In my life I've had the luck of being sort of like Forrest Gump. (And yeah, I know, I sound like him, too.) I've had the honor of meeting or knowing every American president since Lyndon Johnson. I've been present when critical decisions were made in presidential campaigns. I was chairman of Newt Gingrich's political organization when he took over Congress. I even had "dinner and a movie" with Bill Clinton in the White House. I also had the miserable but highly educational experience of being a nominee for high statewide office (I lost) and serving the public in my state of Georgia at one time as a member of its legislature. I've been blessed and lucky.
But, like Forrest, I've mostly had that sort of dumb luck that allows one as a teen to observe Jimmy Carter working in his office; or that happened to place me in a private meeting with Richard Nixon.
I mean, really. If I hadn't lived it, I would believe my life has been a dream.
But also like Gump, I have been able to absorb important lessons from what I've seen and experienced.
They say paranoia is having "extreme delusions of grandeur or an extreme sense of persecution." Trust me. In politics, there are heaping portions of both delusions and persecution.
After this long campaign and all that we as Americans have encountered in the past decade, it might be fair to say that we have a right to feel a bit paranoid. And my book raises questions that many of you likely are asking yourselves and one another. For example, why did the economy tank right before the election? Why were oil prices such a big deal three months ago but not now? How did Barack Obama come from nowhere and manage to raise mountains of money?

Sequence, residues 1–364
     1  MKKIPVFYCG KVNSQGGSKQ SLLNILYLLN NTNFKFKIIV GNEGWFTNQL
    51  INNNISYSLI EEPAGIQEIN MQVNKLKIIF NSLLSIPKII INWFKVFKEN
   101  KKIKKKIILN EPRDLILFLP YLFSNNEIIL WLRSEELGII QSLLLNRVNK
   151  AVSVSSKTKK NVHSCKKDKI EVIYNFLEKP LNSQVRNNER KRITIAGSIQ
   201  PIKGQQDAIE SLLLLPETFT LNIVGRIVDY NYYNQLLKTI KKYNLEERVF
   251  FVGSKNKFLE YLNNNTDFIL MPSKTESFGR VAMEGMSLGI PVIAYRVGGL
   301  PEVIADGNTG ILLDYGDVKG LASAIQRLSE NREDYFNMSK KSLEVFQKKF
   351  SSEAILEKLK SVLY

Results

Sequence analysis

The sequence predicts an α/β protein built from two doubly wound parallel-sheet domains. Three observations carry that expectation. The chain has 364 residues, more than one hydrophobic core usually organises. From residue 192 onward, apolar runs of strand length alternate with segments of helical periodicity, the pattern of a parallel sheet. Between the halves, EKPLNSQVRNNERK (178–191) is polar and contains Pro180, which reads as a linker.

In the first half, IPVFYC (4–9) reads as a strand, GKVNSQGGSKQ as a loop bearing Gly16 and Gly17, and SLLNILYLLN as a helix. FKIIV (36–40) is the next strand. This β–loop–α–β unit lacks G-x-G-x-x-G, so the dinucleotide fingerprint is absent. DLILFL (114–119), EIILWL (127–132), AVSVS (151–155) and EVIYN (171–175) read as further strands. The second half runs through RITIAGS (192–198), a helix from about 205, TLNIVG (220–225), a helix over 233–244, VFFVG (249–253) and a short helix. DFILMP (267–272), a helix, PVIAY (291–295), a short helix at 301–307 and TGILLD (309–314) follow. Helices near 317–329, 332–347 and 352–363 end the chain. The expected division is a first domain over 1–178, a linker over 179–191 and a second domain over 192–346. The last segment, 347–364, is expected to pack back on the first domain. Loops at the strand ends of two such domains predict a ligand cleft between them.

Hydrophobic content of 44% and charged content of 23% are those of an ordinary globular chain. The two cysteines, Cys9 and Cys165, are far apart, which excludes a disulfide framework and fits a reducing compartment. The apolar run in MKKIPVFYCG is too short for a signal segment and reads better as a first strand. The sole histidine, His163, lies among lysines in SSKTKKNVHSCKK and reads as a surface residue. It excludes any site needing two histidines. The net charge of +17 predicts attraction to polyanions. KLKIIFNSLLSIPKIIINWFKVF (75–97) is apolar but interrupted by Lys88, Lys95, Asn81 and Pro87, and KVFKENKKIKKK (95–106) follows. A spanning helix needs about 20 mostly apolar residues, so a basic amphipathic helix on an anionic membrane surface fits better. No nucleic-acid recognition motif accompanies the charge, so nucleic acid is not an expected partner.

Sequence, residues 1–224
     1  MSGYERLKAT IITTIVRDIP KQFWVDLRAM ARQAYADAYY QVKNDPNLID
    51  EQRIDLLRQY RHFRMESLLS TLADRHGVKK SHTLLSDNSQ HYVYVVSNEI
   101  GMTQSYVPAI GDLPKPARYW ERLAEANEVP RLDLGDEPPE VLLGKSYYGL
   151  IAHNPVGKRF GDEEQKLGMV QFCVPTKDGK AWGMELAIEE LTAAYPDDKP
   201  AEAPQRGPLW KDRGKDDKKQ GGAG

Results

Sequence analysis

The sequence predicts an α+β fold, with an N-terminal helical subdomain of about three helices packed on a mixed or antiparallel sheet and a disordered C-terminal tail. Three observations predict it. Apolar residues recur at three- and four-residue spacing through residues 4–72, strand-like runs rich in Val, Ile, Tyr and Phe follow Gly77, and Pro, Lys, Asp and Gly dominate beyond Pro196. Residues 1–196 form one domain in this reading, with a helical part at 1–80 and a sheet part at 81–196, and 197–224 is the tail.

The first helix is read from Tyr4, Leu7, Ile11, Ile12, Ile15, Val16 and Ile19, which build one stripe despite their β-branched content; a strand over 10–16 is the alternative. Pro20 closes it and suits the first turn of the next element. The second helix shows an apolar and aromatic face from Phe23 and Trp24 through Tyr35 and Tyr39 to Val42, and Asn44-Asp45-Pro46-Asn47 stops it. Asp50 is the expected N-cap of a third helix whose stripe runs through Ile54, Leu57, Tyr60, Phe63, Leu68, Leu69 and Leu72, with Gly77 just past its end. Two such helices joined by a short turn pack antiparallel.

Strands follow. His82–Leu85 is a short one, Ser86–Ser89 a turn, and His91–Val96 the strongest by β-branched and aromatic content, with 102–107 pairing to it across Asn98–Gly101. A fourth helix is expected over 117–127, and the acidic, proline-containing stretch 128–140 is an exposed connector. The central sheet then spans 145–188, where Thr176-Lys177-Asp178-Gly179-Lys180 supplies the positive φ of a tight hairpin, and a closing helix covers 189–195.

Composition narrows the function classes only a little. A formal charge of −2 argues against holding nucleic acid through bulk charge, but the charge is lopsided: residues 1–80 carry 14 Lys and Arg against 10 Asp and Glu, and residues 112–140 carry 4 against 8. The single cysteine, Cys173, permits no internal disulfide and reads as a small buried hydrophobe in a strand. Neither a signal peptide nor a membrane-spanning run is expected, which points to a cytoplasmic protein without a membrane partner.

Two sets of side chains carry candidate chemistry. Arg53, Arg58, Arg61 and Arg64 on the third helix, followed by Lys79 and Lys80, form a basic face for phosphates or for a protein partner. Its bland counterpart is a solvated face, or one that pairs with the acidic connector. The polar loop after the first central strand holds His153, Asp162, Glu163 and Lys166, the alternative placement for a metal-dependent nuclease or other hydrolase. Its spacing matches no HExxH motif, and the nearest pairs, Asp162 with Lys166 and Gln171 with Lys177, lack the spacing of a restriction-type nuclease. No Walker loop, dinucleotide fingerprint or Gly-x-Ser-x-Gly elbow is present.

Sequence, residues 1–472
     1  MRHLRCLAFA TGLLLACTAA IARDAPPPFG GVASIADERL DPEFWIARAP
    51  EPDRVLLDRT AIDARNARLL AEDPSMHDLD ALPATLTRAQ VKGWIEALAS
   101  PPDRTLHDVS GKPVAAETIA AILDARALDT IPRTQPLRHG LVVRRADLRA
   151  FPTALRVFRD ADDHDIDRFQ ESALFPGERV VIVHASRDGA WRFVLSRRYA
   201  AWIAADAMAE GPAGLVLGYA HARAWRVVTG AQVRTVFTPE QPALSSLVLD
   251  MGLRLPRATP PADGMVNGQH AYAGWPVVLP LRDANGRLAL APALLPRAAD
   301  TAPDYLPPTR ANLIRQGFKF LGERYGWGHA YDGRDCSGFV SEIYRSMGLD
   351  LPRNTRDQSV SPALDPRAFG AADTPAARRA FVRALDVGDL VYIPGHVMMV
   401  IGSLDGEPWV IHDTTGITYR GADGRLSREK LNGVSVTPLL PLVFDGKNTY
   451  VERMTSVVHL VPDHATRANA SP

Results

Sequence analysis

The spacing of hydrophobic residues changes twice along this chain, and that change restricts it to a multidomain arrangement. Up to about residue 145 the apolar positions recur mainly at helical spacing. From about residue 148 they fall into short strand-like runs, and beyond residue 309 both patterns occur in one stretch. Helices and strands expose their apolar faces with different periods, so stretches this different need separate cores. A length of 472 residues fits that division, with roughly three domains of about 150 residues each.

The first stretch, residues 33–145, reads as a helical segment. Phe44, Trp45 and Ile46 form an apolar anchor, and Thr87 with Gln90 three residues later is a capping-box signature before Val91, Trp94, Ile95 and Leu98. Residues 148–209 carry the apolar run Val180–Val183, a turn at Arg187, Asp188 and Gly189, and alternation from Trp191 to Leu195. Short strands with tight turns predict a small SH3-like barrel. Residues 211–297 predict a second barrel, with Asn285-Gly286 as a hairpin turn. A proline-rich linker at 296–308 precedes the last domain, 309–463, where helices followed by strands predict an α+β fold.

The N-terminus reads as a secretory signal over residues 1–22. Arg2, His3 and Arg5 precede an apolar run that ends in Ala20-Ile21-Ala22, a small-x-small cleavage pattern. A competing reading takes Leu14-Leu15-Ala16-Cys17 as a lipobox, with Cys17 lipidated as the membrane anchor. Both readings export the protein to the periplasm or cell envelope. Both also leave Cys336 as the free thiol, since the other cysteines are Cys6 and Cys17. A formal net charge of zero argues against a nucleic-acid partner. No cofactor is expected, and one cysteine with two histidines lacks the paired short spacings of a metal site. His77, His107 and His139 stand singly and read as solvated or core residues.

And finally, this: What happened to the Republican Party I was part of the one that believed in less government, term limits and increased liberty?
Yes, I'm shamelessly hoping my readers will order "Paranoid Nation" online as they prepare for Christmas. Aside from the book, I'm like the Little Drummer Boy -- no gifts to bring.
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